Seized, 93-Count Federal Indictment Levied Against Prostitution Website

Ajustar Comentario Impresión

Federal prosecutors have charged the creators of the website, one of the largest web forums for classified ads, with facilitating prostitution and conspiracy to launder money in a 93-count indictment unsealed Monday in Arizona.

Michael Lacey and Jim Larkin, along with their co-indictees face charges ranging from facilitating prostitution to money laundering.

Senate subpoenas revealed that Backpage executives were complicit in the enabling of traffickers, including some of whom went so far as to coach them on how to avoid criminal charges through editing out words like "cheerleader", "little girl", and "school girl", from their online ads.

The indictment says Backpage took in some $500 million from selling prostitution ads.

The government claimed there were internal company documents and evidence of meetings in which the defendants admitted they knew that most of the website's ads involved prostitution. Federal law enforcement authorities are in the process of seizing and its affiliated websites.

"These factors suggest that Lacey could easily flee the country and use the wealth he has stashed overseas to live out the remainder of his life, in a lavish style, as a fugitive", prosecutors said in a court filing, echoing a similar statement they made about Larkin.

Larry Kazan, who represents Lacey, didn't return a call seeking comment. It's not clear how that ruling by a state judge will be viewed in the federal prosecution.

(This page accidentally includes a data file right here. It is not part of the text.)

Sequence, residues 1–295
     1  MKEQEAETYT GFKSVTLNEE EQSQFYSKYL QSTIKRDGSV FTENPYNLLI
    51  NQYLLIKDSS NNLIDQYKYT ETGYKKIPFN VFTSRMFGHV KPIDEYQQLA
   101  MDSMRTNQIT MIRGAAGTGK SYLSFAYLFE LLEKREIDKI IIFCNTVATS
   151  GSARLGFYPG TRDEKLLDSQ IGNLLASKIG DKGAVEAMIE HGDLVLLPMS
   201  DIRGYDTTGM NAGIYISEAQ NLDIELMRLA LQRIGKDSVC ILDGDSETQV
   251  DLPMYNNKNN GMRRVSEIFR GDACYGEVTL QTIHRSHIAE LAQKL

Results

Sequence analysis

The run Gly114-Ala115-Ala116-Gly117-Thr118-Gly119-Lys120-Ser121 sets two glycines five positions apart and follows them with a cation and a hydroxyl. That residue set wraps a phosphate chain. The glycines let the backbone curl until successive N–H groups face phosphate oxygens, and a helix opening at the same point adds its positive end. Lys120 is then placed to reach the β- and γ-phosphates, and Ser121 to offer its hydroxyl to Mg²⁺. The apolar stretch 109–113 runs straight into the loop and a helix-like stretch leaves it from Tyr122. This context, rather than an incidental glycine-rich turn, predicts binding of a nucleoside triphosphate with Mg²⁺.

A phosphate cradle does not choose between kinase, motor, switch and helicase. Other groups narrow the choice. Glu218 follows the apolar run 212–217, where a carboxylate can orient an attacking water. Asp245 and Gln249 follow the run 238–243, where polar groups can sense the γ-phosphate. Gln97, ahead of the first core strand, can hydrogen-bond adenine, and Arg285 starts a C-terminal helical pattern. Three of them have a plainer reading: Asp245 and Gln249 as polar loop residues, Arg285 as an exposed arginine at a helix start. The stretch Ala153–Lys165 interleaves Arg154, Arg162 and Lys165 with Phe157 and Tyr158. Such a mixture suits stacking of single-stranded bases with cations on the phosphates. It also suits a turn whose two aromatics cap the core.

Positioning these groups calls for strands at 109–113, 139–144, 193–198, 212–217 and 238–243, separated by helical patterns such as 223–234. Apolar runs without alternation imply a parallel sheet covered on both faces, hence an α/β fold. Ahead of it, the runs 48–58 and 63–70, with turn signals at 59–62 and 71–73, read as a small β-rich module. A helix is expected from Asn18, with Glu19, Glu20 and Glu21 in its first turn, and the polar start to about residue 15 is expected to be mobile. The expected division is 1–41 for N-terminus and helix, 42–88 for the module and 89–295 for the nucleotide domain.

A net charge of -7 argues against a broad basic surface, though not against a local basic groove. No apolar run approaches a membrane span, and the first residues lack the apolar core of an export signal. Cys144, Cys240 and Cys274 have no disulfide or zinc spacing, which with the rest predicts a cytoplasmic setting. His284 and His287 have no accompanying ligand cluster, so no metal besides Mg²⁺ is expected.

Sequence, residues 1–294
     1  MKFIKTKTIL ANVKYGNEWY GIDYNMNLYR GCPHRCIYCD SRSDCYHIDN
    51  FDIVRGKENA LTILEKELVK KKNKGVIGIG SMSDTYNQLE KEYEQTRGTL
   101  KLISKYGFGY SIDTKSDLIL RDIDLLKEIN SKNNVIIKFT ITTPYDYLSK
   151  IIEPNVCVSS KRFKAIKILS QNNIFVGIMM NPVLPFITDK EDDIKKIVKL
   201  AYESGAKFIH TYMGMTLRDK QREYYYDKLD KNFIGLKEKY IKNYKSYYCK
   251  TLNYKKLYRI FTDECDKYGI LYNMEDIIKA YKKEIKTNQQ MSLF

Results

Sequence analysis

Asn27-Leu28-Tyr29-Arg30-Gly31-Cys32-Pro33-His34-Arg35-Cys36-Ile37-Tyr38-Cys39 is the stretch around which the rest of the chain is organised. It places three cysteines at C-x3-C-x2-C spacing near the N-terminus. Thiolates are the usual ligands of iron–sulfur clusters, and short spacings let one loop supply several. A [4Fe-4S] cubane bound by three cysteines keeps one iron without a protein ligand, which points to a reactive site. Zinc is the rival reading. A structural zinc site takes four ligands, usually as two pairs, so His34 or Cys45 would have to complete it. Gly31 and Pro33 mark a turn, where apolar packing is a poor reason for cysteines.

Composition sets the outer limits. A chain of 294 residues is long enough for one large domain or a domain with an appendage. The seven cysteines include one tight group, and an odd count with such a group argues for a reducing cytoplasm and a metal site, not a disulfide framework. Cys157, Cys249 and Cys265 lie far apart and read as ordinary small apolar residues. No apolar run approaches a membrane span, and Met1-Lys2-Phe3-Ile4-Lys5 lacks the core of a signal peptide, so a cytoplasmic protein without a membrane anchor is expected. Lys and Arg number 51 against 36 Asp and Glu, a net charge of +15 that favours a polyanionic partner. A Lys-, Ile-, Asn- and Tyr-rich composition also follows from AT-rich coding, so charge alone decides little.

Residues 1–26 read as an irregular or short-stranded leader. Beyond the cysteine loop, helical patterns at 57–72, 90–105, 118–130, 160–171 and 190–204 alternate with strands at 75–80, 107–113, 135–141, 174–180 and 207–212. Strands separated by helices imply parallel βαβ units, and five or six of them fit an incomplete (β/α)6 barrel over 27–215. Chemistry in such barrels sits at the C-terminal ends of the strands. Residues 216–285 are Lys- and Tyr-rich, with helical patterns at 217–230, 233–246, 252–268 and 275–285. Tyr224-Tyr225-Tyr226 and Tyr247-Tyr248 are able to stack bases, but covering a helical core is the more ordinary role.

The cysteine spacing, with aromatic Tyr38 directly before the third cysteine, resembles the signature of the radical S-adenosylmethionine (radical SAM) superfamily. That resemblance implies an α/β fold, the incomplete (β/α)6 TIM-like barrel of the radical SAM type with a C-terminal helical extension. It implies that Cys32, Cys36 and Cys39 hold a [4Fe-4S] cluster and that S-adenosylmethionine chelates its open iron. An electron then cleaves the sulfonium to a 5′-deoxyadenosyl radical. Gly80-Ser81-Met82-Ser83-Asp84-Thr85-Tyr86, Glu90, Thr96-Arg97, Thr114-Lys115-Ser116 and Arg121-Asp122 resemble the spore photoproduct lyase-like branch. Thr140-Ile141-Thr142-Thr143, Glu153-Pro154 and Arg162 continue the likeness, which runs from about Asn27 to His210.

"When Backpage was running adult ads, we used to get tips, but that has dropped off", Sargent Eric Quan with the San Jose Police Department's human-trafficking unit told The New York Times a year ago.

Backpage has been in legal fights for years, but mostly in civil cases filed by young women and their families. The site had argued it simply hosted the ads. The law, however, does not, protect sites from federal liability against criminal law, like child-pornography laws.

The indictment said the site contended it tried to prevent prostitution ads, but investigators determined that was not the case.

A notice was posted on's various global front pages late last week to inform visitors.

The founders are already facing money laundering charges in California. Lacey and Larkin created Backpage in Phoenix as owners of the New Times alternative weekly newspaper chain, which became Village Voice Media Holdings after Lacey and Larkin bought the iconic NY weekly. He, Lacey and Larkin did appear before the Senate Permanent Subcommittee on Investigations in 2017, but they declined to answer questions, citing the First and Fifth Amendments.

These are all malfeasances NOT protected under the Communications Decency Act - legislation that protects platforms from being prosecuted for content posted by third parties on their site - AKA the very shield Backpage has used to weasel out of many-a-lawsuit in the past. Their charges relate to federal allegations that promoted illegal sex trafficking alongside consensual paid encounters.